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Ford has teamed up with Intel to develop a prototype of what it calls “the future of in-car personalisation and mobile interior imaging technology” with its research project known as Mobile Interior Imaging or Project Mobii.

Perhaps the most immediately accessible feature is one that senses whether it is the driver or passenger reaching for the sat-nav. If it is the driver, he or she can only makes changes to guidance via voice control, while the passenger is able to type instructions onto the touchscreen. 

If such a feature were mainstream, it would make it unnecessary to engineer sat-nav systems to go into lock mode when the car is moving. 

Interior cameras are also paired with sensors that decipher simple gestures and voice commands are also fitted, meaning you can for example point at the sunroof, say “open”, and presto, let there be light. 

Project Mobii features a number of ways to personalise the car’s cabin, and a smartphone app that allows remote surveillance of the cabin and can authorise or decline another driver to operate the vehicle via facial recognition software.

In developing the prototype, Ford research engineers shacked up with Intel ethnographers, anthropologists and engineers, one of whom — Intel Labs senior staffer Tim Plowman — asks in the video above: “What if you had the ability to peer into the car from anywhere in the world on your Intel phone?”

In other words, if you’ve forgotten to take something with you, the phone app will open up camera fitted to the car’s cabin and allow you to search around remotely. You might also get lucky and catch a thief red-handed.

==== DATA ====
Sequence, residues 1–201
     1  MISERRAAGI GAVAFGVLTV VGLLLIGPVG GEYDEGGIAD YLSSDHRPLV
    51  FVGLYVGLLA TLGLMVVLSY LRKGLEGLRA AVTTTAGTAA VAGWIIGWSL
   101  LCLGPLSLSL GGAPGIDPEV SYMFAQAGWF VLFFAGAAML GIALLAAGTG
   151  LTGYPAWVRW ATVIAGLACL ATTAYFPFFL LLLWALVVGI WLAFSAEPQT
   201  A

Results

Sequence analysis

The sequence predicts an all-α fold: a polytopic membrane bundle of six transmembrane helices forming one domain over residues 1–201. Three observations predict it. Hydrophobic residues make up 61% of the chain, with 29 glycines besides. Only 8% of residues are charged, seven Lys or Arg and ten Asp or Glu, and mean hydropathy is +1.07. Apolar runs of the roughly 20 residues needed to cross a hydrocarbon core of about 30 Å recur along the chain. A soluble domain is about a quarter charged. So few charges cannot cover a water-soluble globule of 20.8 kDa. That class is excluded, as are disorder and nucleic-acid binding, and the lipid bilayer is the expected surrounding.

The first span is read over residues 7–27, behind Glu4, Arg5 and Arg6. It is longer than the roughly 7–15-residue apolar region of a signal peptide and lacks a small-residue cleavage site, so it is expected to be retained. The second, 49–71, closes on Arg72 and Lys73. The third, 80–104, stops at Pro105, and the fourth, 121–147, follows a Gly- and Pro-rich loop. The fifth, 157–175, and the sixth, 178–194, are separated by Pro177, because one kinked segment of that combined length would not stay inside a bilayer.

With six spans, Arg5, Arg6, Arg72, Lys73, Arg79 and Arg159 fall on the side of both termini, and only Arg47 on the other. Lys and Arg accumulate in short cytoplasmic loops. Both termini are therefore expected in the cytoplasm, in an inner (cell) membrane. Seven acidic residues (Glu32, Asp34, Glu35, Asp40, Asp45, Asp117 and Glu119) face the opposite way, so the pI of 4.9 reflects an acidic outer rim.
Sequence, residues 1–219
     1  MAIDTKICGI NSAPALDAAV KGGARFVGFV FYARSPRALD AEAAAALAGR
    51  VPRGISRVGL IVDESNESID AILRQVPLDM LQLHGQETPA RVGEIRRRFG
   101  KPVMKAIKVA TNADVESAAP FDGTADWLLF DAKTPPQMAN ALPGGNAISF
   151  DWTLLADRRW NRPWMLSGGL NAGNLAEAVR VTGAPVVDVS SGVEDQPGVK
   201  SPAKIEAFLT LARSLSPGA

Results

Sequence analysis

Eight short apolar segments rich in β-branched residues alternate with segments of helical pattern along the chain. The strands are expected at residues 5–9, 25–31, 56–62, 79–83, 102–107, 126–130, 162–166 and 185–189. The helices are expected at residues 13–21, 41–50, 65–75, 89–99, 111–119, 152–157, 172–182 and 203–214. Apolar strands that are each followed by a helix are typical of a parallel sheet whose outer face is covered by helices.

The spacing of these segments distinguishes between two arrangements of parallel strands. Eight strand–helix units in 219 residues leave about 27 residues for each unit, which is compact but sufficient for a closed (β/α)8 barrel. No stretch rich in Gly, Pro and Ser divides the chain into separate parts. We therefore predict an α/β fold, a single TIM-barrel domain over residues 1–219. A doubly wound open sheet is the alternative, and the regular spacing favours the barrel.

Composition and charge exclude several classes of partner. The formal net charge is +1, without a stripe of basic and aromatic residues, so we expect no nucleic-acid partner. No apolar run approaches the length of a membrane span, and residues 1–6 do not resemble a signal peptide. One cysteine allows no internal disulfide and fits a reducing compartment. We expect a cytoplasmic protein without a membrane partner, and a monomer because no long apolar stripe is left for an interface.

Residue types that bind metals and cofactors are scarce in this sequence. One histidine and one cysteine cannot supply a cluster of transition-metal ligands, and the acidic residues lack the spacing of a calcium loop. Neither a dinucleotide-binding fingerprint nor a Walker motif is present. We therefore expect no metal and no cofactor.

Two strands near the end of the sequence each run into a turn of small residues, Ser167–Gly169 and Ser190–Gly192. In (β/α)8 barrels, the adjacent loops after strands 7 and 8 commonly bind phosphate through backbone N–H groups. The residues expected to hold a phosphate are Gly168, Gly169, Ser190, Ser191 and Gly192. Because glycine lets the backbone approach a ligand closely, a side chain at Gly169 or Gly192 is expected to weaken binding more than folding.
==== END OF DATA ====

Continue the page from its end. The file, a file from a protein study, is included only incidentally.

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A camera fitted above the instrument binnacle with facial-recognition software can also personalise specific information such as one’s schedule, music and contacts, the second it recognises you, as opposed to another registered driver.

This same system also allows you to permit or ban someone from driving your car. When an unfamiliar face hops behind the wheel, the system sends an image to the car’s owner and asks you to approve the driver — with further caveats available on what they are able to do.

The system allows you, for example, to give a person the green light to drive, but can stop the car from running if they have passengers, will only run for a certain time period, and will limit the top speed.

If an unwanted person is in the driver’s seat, the system monitors them and sends updates until they cease, presumably allowing you to forward to information to the authorities. 

“Our goal with the Mobii research is to explore how drivers interact with technology in the car and how we can then make that interaction more intuitive and predictive,” said Ford chief technical officer and vice president for research and innovation Paul Mascarenas. 

“The use of interior imaging is purely research at this point; however, the insights we’ve gained will help us shape the customer experience in the long-term.”




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